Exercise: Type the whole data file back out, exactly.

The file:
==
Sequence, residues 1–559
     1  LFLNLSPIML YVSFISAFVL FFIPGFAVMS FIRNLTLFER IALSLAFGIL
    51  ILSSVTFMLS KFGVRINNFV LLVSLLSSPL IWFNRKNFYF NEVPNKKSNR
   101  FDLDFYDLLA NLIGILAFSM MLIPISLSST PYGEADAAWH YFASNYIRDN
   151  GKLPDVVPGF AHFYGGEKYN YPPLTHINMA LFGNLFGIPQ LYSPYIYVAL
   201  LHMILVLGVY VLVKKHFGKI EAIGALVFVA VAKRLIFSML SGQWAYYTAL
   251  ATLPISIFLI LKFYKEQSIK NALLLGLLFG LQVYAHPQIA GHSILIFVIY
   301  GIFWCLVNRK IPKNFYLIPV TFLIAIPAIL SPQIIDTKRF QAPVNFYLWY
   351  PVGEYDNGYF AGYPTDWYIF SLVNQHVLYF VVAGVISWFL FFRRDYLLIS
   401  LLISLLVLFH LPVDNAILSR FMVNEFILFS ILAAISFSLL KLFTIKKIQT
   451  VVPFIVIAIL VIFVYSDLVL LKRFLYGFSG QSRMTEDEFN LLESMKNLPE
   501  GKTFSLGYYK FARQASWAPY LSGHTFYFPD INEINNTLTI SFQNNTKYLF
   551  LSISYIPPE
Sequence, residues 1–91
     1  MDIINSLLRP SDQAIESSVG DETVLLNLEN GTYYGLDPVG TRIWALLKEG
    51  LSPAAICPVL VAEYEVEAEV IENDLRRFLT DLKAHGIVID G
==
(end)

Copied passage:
Sequence, residues 1–559
     1  LFLNLSPIML YVSFISAFVL FFIPGFAVMS FIRNLTLFER IALSLAFGIL
    51  ILSSVTFMLS KFGVRINNFV LLVSLLSSPL IWFNRKNFYF NEVPNKKSNR
   101  FDLDFYDLLA NLIGILAFSM MLIPISLSST PYGEADAAWH YFASNYIRDN
   151  GKLPDVVPGF AHFYGGEKYN YPPLTHINMA LFGNLFGIPQ LYSPYIYVAL
   201  LHMILVLGVY VLVKKHFGKI EAIGALVFVA VAKRLIFSML SGQWAYYTAL
   251  ATLPISIFLI LKFYKEQSIK NALLLGLLFG LQVYAHPQIA GHSILIFVIY
   301  GIFWCLVNRK IPKNFYLIPV TFLIAIPAIL SPQIIDTKRF QAPVNFYLWY
   351  PVGEYDNGYF AGYPTDWYIF SLVNQHVLYF VVAGVISWFL FFRRDYLLIS
   401  LLISLLVLFH LPVDNAILSR FMVNEFILFS ILAAISFSLL KLFTIKKIQT
   451  VVPFIVIAIL VIFVYSDLVL LKRFLYGFSG QSRMTEDEFN LLESMKNLPE
   501  GKTFSLGYYK FARQASWAPY LSGHTFYFPD INEINNTLTI SFQNNTKYLF
   551  LSISYIPPE
Sequence, residues 1–91
     1  MDIINSLLRP SDQAIESSVG DETVLLNLEN GTYYGLDPVG TRIWALLKEG
    51  LSPAAICPVL VAEYEVEAEV IENDLRRFLT DLKAHGIVID G